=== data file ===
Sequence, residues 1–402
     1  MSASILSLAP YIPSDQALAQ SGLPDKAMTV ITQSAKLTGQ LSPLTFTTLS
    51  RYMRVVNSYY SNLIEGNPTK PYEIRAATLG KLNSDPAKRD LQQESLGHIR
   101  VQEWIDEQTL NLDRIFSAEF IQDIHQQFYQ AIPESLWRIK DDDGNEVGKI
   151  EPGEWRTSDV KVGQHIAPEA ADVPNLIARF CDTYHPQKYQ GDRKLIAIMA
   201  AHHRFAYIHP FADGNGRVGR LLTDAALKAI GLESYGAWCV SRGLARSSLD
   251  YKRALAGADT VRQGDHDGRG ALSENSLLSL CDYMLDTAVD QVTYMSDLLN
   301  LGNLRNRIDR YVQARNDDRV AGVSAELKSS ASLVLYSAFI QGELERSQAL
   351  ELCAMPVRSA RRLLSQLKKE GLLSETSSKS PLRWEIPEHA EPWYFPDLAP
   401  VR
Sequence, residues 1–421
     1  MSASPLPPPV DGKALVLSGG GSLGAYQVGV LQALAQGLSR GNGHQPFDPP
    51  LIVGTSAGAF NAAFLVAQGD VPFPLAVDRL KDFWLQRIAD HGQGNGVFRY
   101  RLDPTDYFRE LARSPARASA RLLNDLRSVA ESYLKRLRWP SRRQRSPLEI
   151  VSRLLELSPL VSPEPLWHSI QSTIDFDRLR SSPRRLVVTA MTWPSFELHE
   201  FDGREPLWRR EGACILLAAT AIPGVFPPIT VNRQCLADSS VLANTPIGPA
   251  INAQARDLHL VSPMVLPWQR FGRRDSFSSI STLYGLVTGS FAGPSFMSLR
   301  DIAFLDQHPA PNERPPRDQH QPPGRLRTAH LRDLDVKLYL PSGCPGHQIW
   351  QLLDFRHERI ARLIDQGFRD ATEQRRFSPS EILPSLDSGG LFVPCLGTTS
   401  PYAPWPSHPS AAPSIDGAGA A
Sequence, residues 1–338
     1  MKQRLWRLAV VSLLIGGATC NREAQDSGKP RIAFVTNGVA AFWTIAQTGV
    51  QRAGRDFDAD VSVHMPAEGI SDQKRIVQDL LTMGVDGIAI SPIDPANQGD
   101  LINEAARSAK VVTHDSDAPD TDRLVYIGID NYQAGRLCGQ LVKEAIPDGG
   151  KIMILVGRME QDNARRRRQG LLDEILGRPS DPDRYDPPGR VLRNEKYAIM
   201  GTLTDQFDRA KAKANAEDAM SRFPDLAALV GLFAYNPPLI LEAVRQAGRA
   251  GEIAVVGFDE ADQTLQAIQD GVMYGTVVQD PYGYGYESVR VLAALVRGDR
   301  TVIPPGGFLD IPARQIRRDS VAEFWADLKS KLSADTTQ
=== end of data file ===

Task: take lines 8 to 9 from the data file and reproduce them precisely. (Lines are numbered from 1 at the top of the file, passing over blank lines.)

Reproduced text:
   301  LGNLRNRIDR YVQARNDDRV AGVSAELKSS ASLVLYSAFI QGELERSQAL
   351  ELCAMPVRSA RRLLSQLKKE GLLSETSSKS PLRWEIPEHA EPWYFPDLAP